They are reading a book – The Ukiah Daily Journal
In 1909, Congress passed copyright law that would govern literary works for most of the twentieth century – books, short stories, works of art, musical compositions – and a new medium, films. (but these probably didn’t have much of a future). Under the Copyright Act of 1909, a copyright was valid for 28 years and could be renewed once, for a total of 56 years.
It’s unclear why Congress chose those two numbers (why not 25 years? Or 30?), Or why a copyright owner was limited to one renewal. One thing that is clear, however, is why copyright expires: because it says so in the US Constitution. Article I, Section 8, Clause 8 provides that Congress is empowered to âpromote the progress of. . . useful arts, securing for durations limited to authors. . . the exclusive right to them. . . written. . . . “
What is a “time limit”, therefore, is usually a decision of Congress. And whether that created a sufficiently “limited” time frame for that, it is ultimately a question for the Supreme Court.
This became a problem in the early 2000s, as Congress twice dramatically extended copyright. In 1976, she rewrote the law on copyright to provide that from 1978, copyright would be good for the life of the “author” (writer or short story writer, painter of a painting, composer of a musical work, etc.). the copyrights obtained by a company, like a movie studio (hmmm … maybe these films had a future), they lasted for 75 years. Existing copyrights that had not expired before 1978 benefited from the new law.
Then, in 1998, Congress extended existing copyrights for an additional 20 years, while extending future copyrights to the life of the author plus 70 years, and corporate copyrights to 95. years. Although Congressman Sonny Bono, himself a songwriter, pushed for the extension (and in whose honor the Copyright Term Extension Act was named by his fellow Congressmen after his death in a skiing accident ), the main advocate for this change was the Walt Disney Company. . By 1998, many of Disney’s oldest copyrights were about to expire, most notably Mickey Mouse himself, created in 1928. By 2003, Mickey would have become public property for anyone who wanted to sell designs, posters or even watches.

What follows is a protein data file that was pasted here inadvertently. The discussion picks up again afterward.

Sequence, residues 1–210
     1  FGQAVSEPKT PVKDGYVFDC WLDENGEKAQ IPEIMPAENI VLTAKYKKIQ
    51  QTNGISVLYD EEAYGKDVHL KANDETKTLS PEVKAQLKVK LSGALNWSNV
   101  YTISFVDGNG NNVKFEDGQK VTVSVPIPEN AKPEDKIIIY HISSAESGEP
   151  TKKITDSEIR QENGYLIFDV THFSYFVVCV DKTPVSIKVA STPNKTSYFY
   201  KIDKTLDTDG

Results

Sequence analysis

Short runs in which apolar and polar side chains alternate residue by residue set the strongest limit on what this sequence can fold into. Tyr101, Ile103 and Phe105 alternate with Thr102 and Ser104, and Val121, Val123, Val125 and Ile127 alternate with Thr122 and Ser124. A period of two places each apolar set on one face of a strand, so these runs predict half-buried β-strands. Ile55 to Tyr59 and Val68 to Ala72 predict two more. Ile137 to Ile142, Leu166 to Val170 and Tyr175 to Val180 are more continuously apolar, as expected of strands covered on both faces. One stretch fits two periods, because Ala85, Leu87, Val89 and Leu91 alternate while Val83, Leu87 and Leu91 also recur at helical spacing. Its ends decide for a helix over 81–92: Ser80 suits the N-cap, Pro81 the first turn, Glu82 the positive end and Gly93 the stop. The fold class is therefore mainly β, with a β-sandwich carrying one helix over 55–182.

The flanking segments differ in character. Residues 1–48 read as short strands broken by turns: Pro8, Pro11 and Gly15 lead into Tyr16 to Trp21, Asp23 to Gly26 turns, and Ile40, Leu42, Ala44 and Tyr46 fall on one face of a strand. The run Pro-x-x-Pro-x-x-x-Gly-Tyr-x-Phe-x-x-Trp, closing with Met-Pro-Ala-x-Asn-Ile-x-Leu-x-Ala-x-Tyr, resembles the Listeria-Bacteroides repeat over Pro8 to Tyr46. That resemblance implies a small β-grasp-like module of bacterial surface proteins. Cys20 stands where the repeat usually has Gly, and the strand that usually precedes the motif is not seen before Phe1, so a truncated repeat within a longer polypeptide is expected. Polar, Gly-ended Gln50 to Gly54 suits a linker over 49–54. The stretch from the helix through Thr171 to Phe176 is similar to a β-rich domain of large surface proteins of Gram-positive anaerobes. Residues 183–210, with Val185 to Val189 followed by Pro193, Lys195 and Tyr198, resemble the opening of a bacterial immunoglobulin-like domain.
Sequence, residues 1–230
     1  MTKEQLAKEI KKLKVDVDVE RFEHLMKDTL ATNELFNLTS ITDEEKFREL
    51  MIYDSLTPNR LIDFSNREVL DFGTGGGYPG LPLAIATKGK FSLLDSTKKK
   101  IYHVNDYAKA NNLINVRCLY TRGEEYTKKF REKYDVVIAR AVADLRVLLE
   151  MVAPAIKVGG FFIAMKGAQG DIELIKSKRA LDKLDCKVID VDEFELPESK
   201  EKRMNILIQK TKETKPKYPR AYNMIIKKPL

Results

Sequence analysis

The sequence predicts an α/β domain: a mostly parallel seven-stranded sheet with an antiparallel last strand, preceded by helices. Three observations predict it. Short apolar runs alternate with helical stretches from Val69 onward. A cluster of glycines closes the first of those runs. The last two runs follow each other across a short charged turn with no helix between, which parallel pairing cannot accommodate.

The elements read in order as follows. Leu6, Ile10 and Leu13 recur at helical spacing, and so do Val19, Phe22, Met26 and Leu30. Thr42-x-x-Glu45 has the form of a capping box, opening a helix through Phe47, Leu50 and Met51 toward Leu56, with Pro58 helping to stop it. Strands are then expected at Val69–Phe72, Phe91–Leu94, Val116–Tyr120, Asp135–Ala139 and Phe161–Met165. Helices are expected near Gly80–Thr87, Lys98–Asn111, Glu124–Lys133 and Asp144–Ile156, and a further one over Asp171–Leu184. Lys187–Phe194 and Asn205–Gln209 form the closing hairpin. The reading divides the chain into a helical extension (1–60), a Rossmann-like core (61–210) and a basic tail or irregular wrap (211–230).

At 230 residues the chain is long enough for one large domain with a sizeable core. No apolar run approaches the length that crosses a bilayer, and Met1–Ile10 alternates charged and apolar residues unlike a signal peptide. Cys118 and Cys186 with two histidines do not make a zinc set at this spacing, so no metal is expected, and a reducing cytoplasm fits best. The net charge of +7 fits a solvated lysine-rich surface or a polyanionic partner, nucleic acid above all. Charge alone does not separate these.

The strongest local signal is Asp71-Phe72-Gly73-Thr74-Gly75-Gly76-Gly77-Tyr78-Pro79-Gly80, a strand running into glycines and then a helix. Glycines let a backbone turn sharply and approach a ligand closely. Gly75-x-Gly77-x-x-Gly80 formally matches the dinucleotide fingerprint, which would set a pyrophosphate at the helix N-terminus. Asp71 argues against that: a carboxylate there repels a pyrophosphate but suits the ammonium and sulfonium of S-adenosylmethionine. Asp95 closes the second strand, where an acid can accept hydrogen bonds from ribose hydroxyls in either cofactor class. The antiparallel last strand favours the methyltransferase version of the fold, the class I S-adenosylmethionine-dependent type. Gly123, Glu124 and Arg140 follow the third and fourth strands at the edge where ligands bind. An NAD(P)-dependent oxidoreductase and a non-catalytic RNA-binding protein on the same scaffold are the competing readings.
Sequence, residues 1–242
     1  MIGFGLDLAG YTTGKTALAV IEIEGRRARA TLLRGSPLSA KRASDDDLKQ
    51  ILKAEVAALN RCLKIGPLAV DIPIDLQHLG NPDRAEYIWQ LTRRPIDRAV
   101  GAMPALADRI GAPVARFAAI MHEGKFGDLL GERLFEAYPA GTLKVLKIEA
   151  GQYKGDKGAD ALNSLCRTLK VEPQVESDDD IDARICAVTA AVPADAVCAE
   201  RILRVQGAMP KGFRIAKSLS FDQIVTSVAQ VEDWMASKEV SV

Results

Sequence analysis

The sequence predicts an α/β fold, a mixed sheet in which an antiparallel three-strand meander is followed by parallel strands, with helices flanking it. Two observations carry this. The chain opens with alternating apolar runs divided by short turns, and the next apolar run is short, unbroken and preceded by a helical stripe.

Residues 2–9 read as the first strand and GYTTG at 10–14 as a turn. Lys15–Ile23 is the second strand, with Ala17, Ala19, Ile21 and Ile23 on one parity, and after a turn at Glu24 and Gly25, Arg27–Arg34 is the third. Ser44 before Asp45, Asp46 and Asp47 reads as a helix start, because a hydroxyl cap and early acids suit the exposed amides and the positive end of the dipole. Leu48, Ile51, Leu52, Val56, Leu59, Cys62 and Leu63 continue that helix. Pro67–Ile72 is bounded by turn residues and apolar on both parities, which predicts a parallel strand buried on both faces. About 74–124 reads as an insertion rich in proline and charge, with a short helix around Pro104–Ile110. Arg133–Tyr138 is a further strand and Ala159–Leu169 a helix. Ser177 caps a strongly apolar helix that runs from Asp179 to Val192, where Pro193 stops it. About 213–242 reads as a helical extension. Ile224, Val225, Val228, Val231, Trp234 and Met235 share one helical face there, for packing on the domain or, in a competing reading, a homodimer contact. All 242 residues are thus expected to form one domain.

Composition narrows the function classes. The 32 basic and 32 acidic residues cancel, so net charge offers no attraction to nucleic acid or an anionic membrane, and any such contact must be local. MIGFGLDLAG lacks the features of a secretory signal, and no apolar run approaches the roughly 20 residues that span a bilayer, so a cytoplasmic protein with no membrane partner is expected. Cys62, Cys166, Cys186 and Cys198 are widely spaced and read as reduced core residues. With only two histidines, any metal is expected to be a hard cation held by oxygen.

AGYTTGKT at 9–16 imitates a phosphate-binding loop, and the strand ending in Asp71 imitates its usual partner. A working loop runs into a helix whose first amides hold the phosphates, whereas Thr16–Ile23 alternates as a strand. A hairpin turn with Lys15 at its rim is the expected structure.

The 1998 expansion kept Mickey safe in Disney’s three-fingered hands until 2023. It also led to litigation in the United States Supreme Court in 2003, pitting supporters of the spread of ideas. to the giants of the entertainment industry. But the Supreme Court ruled that even 95 years was still a “time limit” under the Constitution.
So far, Congress has yet to extend copyrights, and once the 20-year extension began to expire after 2018, works created 95 years earlier began to expire again. And that led to the folks on National Public Radio’s “Planet Money” podcast, which deals with economics, money, and finance, to create an unusual episode last January.
As of January 1, 2021, all copyrights created in 1925 have expired. The folks at “Planet Money” explained the above story and noted that one of the copyrights that expired in 2021 was that of “The Great Gatsby” by F. Scott Fitzgerald.
As the folks at “Planet Money” also noted, because “The Great Gatsby” is now in the public domain, that means anyone who wants to print copies of the novel and sell them, or make a new film version of it, or cite long passages from the novel in another work, may do so without paying anything to Fitzgerald’s heirs or publisher.
And to illustrate this, for the Jan. 15, 2021 installment of “Planet Money,” its staff read the entire novel – every word – like this week’s episode. “Gatsby” had nine chapters, so a different member of staff took turns reading each chapter. The typically 20-30 minute podcast lasted almost four and a half hours that week.
“Gatsby” was one of the most famous novels of the 1920s – still had to be read in many high school and college literature classes. It’s a memorable portrayal of the jazz era, the empty lives of the idle rich, and Gatsby’s unsuccessful quest for his lost love, Daisy Buchanan. And if you’ve ever wanted to hear what amounts to an audiobook version of the story read by nine different narrators, all you need to do is download the January 15, 2021 episode of “Planet Money.”
And so we advanced, boats against the tide, ceaselessly pushed back into the past.
Frank Zotter, Jr. is an attorney for Ukiah.